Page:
Complementary Therapies to Customize Your Treatment Plan
Substance abuse can quickly spiral out of control, or it can slowly chip away at everything good in your life. Either way, professional help is almost always needed to overcome an addiction for the long-term.
This is because addiction changes the way your brain functions, and it affects your thought and behavior patterns. Successful recovery requires re-learning healthy ways of thinking and behaving. It requires addressing the underlying issues that led to substance abuse in the first place. And it requires finding joy, purpose, and meaning in a life without drugs or alcohol.
There is no single pathway to recovery, according to the Substance Abuse and Mental Health Services Administration, but a holistic approach that includes both traditional and complementary therapies offers the best possible outcomes. What works for one individual may not work for another, which is why an individualized treatment plan is crucial for success.
A holistic program addresses a wide range of issues related to your physical, mental and spiritual health. A high-quality treatment program will offer an individualized, holistic recovery plan that draws on both traditional and complementary therapies for whole-person healing.
Cognitive-behavioral therapy is the most commonly used traditional therapy in addiction treatment. This “talk” therapy helps you evaluate your thoughts, ideas, attitudes, and beliefs and identify those that are unhealthy. It helps you learn to replace these with healthier ways of behaving and thinking about your addiction, yourself and the world around you. It also helps you develop a toolkit of skills and strategies to address issues like cravings, stress and other powerful triggers for relapse.
Complementary therapies are those which don’t fall into the mainstream. Complementary therapies aren’t generally effective on their own for treating addiction, but when used along with traditional therapies, they help you look at old problems in new ways and from a variety of angles. Most are potent stress relievers, which is essential in recovery.
Here, we will examine ten complementary therapies commonly used in an addiction treatment setting. Adding one or more of these to your treatment plan will enhance your experience in treatment and improve your chances of long-term sobriety.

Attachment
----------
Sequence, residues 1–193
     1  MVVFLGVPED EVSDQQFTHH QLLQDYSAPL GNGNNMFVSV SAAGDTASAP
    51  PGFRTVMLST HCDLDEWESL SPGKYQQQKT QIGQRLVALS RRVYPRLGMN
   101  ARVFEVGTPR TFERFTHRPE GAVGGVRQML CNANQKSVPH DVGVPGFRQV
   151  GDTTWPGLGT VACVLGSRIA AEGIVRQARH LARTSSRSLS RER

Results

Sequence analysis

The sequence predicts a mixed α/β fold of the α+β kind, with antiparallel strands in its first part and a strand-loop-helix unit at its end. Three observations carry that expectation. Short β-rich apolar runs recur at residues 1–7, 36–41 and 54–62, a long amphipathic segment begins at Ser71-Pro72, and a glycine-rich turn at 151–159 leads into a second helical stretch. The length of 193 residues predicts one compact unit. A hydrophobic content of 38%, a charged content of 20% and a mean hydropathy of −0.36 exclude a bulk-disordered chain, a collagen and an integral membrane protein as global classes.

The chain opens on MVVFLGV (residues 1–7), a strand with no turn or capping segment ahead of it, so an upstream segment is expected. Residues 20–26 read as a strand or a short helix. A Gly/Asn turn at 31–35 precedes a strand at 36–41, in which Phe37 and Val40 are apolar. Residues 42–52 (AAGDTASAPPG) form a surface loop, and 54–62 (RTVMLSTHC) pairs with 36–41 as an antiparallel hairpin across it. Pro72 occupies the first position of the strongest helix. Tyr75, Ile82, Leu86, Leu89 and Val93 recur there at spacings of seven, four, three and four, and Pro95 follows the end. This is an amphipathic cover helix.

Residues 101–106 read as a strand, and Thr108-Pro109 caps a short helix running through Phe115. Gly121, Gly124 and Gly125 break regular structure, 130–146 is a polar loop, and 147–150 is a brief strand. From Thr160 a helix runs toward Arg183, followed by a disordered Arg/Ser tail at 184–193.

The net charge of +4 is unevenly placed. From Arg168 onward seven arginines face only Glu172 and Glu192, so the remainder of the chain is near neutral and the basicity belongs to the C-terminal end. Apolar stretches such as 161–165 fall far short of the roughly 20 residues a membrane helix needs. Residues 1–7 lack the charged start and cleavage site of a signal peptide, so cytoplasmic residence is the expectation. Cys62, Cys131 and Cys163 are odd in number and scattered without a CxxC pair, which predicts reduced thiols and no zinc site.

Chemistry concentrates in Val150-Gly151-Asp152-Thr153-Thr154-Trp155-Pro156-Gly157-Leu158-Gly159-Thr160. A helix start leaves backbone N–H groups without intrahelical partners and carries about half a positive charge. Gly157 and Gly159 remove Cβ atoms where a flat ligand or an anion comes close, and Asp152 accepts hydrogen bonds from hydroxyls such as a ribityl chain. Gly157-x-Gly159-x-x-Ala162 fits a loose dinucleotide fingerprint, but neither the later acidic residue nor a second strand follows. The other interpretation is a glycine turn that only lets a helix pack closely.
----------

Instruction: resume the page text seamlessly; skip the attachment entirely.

Why Complementary Therapies?
Complementary therapies have numerous benefits for people in recovery, according to a study by the National Association of State Alcohol and Drug Abuse Directors. They improve engagement and retention in treatment, and they offer improved treatment outcomes. They help you develop essential skills to reduce your risk of relapse, and they improve your overall health and well-being.
Specific benefits of complementary therapies for addiction recovery include:
- Stress relief
- Greater self-awareness
- Greater spiritual awareness
- Improved mood
- Improved social functioning
- Decreased symptoms of mental illness
Complementary therapies enhance your treatment experience and help you get the most benefits from treatment. The following are just the beginning of a long list of complementary therapies that can help you end your addiction and improve your life across all domains.
Art therapy helps you express yourself through creative exercises that help you to make sense of difficult emotions and experiences…
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- Understanding Drug Use and Addiction. (2016, August). Retrieved from https://www.drugabuse.gov/publications/drugfacts/understanding-drug-use-addiction
- Traditional, Alternative, or Complementary Therapies, in Addiction Treatment (TATAC) Report: National and State Profiles. (n.d.). Retrieved from http://nasadad.org/wp-content/uploads/2015/03/Traditional-Alternative-or-Complementary-Therapies-in-Addiction-Treatment-TATAC-Report-National-and-State-Profiles-2001.pdf